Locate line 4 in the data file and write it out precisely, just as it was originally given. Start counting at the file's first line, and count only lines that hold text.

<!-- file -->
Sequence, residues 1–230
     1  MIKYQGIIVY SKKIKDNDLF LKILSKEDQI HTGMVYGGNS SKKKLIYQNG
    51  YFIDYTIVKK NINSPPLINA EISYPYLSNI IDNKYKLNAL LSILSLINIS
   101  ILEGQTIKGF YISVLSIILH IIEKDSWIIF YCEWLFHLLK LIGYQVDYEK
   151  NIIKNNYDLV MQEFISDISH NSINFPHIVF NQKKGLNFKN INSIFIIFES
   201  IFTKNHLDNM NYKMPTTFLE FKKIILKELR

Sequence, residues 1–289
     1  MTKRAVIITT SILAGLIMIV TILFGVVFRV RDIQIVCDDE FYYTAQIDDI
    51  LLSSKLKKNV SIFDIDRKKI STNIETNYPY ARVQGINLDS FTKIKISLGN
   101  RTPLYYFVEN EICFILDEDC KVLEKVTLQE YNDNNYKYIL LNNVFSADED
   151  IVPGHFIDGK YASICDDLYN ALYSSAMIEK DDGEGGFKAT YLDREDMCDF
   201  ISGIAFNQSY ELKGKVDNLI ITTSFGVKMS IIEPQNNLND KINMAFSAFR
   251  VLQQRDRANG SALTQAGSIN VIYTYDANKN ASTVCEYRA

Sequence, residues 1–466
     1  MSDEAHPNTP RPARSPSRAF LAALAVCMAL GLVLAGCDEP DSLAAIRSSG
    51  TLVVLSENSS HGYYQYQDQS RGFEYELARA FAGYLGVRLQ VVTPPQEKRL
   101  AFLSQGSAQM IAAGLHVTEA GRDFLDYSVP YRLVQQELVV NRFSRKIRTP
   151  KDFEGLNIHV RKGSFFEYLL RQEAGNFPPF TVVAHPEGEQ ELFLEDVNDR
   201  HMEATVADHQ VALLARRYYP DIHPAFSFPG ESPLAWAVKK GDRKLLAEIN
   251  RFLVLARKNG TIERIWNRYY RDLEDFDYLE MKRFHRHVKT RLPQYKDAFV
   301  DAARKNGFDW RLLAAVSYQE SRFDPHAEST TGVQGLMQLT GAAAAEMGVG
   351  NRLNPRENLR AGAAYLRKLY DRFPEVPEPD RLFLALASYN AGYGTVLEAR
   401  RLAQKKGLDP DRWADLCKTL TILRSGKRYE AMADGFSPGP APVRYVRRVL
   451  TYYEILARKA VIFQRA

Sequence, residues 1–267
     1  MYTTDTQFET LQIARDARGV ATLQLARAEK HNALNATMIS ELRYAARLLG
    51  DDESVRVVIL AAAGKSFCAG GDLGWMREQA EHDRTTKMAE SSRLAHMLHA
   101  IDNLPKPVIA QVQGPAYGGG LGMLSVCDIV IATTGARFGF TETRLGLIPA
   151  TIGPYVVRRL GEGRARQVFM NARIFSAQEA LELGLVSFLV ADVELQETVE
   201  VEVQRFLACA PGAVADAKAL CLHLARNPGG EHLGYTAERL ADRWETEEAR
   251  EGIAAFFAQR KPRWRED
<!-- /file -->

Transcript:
   101  ILEGQTIKGF YISVLSIILH IIEKDSWIIF YCEWLFHLLK LIGYQVDYEK